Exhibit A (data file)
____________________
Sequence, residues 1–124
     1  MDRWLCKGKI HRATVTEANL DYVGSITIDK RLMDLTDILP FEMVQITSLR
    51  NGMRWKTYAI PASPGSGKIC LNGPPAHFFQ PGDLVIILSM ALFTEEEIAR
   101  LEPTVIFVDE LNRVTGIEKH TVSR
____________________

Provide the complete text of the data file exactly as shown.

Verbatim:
Sequence, residues 1–124
     1  MDRWLCKGKI HRATVTEANL DYVGSITIDK RLMDLTDILP FEMVQITSLR
    51  NGMRWKTYAI PASPGSGKIC LNGPPAHFFQ PGDLVIILSM ALFTEEEIAR
   101  LEPTVIFVDE LNRVTGIEKH TVSR